Harper weighed 4 pounds 11 ounces and she was 17 inches long. She was born with three VSDs, one ASD, her PDA was still opened, a TE fistula, and overlapping-clenched hands. When I was able to bear weight on my legs, I begged to go see her and my husband was able to wheel me to the NICU. Wires were connected to her everywhere, she had a suction tube and og tube down her mouth, and nasal cannula around her nose. The next few days were crucial. Harper had the TE fistula repaired when she was three days old. The surgeon came out and said it was a success. My tiny, 5-pound, beautiful baby girl underwent her first surgery. She would have many more to come.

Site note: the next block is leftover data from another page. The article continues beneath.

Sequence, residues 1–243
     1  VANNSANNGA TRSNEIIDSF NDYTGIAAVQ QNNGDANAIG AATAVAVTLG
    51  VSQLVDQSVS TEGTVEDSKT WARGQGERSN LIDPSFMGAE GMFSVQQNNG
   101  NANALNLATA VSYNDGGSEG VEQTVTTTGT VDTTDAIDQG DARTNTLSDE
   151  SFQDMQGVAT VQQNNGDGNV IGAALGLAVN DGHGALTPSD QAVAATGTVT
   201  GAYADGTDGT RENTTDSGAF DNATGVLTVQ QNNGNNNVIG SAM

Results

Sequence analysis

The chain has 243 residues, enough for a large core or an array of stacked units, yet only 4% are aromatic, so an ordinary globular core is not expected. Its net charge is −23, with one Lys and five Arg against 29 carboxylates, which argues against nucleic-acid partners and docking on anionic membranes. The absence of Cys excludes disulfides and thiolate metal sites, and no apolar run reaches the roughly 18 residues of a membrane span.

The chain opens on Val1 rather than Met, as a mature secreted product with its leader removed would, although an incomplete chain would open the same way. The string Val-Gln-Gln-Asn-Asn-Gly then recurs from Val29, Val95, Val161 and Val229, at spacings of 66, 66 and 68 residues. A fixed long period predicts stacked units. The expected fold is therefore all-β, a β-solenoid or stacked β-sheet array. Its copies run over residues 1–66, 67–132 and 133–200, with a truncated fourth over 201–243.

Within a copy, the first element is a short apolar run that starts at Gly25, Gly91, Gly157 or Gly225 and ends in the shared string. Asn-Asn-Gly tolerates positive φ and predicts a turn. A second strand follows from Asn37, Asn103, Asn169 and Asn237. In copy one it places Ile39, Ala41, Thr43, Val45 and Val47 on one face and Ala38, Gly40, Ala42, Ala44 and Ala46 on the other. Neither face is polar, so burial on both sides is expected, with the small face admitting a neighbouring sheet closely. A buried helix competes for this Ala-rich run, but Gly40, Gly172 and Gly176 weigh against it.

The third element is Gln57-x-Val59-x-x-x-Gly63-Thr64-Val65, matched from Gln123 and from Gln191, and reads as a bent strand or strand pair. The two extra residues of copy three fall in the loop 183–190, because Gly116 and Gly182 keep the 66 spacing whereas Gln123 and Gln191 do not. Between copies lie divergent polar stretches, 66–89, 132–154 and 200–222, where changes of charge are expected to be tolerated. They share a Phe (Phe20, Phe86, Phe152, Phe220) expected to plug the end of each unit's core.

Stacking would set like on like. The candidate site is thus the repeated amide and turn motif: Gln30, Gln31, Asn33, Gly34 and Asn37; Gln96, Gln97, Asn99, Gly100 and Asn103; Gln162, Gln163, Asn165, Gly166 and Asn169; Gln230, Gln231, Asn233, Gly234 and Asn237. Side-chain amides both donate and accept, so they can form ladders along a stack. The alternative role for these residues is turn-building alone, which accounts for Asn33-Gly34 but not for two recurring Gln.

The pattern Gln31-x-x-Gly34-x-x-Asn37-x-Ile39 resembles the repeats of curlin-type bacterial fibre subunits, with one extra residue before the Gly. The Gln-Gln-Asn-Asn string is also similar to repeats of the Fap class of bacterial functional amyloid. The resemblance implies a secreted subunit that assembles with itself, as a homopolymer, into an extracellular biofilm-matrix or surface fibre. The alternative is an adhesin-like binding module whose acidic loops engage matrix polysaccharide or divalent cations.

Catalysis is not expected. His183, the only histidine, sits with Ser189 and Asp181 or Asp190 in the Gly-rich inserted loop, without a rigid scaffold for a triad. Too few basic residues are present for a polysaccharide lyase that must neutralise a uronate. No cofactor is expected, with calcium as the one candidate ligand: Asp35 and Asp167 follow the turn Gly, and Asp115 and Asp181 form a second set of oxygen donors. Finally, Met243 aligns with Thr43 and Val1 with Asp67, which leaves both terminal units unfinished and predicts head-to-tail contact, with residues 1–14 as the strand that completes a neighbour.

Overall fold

Harper was discharged from the hospital when she was three weeks old. It was a bittersweet but terrifying feeling. In the NICU, a nurse was watching her 24/7. It’s completely different when you get home. We loaded our car up with our baby in her car seat, feeding pump, IV pole, pulse ox monitor, oxygen tanks, and a portable oxygen concentrator. But a week later, we were back in the hospital, Harper’s retractions were awful. We spent 10 days in the PICU and determined Harper needed Lasix to help with the extra fluid in her heart. Several cardiologists looked her chart over and didn’t think surgery was necessary. They wanted to wait until she was much bigger and healthier. So, we waited.